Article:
If you follow me on Life At 59, you’ll know I’m a big fan of Facebook Marketplace.
I don’t use Facebook for anything other than the marketplace now and you can get some absolute steals on there.
With the likes of eBay and ETSY, people are looking to get as much money as they can for what they’re selling. On Facebook Marketplace, it’s all about the convinience.
You just take a picture, post it to the site, write a couple of lines of description and watch the offers fly in.
You might be selling (or trying to get rid of – you can put items on there for free, too) something for convinience, but there are plenty of ways to post something quickly and maximise the profits you’re making.
Here are my quick and easy tips:
Start with a lifestyle shot
When it comes to our houses, we like inspiration. If you can see a product in situ, it makes it a lot easier to imagine it in your own home.
If you don’t believe me, check out Not On The High Street. When we were contemplating putting Maya Rey on there, they said all our images needed to be lifestyle images because that’s what sells.
It doesn’t take a minute to put a light on, tidy the area and take a picture. It could be the difference between £20 or £75.
Make sure you still include all the other (less glamorous pictures) in the post. People still want to see the scratches and the closeups, but they won’t be immediately drawn in by those shots.
Write how much you paid for it
It’s important to be transparent with people. Let them know how much you paid for it originally so they know how much of a discount they’re getting.
You might notice that a lot of vintage and second-hand sellers trawl Facebook Marketplace for products, by giving them this information, they can make a decsion about whether or not it’s worth it.
“Needs to be ironed”
The other day, my friend text me a picture on Depop of a very, very creased top. In the description it said “needs to be ironed”.
Here’s a radacal idea: iron it then.
The same goes for “it needs to be cleaned”. Sure, if you’re putting something on there for free, it doesn’t really matter. But, if you want to maximise your profits on Facebook Marketplace then you need to put in the little extra effort.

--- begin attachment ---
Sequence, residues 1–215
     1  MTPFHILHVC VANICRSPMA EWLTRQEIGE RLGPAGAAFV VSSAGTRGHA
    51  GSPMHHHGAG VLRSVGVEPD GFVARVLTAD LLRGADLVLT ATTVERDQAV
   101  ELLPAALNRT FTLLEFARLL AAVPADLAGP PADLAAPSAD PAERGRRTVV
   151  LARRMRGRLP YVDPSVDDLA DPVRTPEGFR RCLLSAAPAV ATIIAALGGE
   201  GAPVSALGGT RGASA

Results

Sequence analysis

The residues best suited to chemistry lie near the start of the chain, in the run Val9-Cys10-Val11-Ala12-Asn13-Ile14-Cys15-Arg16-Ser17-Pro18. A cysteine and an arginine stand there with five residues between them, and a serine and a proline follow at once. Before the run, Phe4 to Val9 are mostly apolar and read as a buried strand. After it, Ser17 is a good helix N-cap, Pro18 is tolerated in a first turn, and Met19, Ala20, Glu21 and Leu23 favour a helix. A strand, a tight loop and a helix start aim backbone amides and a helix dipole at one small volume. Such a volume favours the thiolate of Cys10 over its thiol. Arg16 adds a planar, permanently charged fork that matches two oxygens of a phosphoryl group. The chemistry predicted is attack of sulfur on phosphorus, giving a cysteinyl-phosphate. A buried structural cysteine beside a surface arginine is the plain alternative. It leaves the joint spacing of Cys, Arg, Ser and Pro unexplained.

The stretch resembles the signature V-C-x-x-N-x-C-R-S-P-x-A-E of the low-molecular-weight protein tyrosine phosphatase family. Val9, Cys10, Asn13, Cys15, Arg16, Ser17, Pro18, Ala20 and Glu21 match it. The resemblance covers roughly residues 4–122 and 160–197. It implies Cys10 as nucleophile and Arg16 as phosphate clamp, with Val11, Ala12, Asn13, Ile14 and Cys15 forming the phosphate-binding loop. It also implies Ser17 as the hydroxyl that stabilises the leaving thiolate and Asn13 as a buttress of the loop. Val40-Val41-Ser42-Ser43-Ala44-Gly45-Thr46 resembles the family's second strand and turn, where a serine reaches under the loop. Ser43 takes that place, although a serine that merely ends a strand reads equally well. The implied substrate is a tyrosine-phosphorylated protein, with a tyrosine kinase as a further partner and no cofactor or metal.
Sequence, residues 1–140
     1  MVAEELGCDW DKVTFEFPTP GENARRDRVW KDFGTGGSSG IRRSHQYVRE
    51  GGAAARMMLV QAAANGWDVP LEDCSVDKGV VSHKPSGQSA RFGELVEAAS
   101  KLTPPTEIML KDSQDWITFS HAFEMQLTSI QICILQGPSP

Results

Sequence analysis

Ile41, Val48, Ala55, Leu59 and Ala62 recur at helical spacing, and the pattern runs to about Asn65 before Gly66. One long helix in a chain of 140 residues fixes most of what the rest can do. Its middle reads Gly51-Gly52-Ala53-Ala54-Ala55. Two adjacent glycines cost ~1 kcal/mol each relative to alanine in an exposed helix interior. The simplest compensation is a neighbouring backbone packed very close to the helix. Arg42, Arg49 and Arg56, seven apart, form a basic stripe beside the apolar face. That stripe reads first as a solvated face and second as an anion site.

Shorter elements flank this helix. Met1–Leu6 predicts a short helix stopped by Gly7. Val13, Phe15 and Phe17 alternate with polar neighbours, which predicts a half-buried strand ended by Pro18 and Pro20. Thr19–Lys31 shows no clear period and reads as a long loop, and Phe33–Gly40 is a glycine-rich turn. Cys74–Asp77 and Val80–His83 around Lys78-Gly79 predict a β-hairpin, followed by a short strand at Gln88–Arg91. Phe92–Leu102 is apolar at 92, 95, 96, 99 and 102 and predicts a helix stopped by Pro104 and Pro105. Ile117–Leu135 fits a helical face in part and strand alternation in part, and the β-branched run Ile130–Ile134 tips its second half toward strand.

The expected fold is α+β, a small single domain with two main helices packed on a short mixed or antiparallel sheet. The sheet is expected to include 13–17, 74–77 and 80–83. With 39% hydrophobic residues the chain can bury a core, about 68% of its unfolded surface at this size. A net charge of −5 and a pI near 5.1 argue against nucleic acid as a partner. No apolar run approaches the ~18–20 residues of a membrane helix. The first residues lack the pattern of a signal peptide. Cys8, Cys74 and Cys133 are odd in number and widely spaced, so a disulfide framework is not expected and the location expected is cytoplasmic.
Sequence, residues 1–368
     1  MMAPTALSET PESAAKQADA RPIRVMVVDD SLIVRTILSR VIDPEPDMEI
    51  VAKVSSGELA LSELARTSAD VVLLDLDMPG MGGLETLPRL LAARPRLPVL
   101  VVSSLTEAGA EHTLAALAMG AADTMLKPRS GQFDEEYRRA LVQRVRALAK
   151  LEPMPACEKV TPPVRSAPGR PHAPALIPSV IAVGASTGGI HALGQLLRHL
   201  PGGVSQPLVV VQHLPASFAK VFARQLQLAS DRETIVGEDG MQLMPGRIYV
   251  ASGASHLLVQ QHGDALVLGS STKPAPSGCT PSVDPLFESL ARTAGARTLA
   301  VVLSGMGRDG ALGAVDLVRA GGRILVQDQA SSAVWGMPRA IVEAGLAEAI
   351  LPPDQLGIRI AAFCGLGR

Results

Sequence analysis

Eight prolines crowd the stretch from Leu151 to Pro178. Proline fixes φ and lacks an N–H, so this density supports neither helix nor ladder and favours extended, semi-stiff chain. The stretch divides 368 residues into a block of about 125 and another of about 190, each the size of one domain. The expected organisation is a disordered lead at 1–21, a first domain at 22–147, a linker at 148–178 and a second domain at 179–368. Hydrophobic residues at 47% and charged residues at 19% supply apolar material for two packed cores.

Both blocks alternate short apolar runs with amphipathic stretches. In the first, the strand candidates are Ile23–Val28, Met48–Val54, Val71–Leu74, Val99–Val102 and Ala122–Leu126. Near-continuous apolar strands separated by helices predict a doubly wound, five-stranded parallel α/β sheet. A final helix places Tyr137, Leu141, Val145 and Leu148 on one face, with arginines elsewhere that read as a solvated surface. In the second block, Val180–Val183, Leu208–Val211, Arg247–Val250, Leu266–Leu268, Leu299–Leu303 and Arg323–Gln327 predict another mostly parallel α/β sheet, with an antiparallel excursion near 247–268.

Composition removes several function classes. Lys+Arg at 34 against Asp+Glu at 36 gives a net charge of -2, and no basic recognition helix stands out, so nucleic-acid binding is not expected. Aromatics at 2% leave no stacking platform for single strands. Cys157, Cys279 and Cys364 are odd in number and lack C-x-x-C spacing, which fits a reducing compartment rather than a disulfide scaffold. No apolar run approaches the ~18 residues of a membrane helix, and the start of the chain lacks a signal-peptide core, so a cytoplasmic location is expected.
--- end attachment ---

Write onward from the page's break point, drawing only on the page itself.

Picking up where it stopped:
The photos above are from A Bohemian’s Attic on ETSY. I think this is a real masterclass on how to lay out products. Of course, these have surely come from years of experience, but we can learn a lot from there.
They’re simple, centred, but eye-catching.
The key information to include
Being honest is very important. Not only is it a good life skill to have anyway, but it’ll also save you a lot of time on Facebook Marketplace.
If you aren’t honest from the offset, when somebody comes to pick it up they’re going to leave without it. Don’t waste your time and other people’s by trying to make it look better than it is.
Here’s what you should include to stop people sending you messages asking loads of questions:
- The sizes (PLEASE include sizes). If you don’t you will get hundreds of messages from people asking you for the sizes and you’ll waste your own time telling them.
- Any scratches, broken bits etc.
- Colour. Don’t edit the photo to within an inch of its life so nobody can see what it actually looks like.
- If you’re selling multiple items of the same thing (i.e. 4 dining chairs) then give a price for all four. Don’t trick people by putting £25 when you actually mean £100 for all four. It’s annoying.
Price it higher than you will accept
People are going to try to cut a deal on Facebook Marketplace.
If you want to sell something for £75, then put it on for £100. Then, if somebody loves it enough to pay £100 for it, that’s a bonus for you.
Also, you don’t have to accept a lower offer. I very rarely will accept lower than what I put it on for unless I’m desperate to get rid of it and have put it on there just to get it out of the house.
I find it hard to part with things, especially because I spend a lot of time finding things and a lot of the homeware in my house is vintage or one of a kind. This is just a personal thing, you might not care so much about dropping the price a bit to get something out of your house.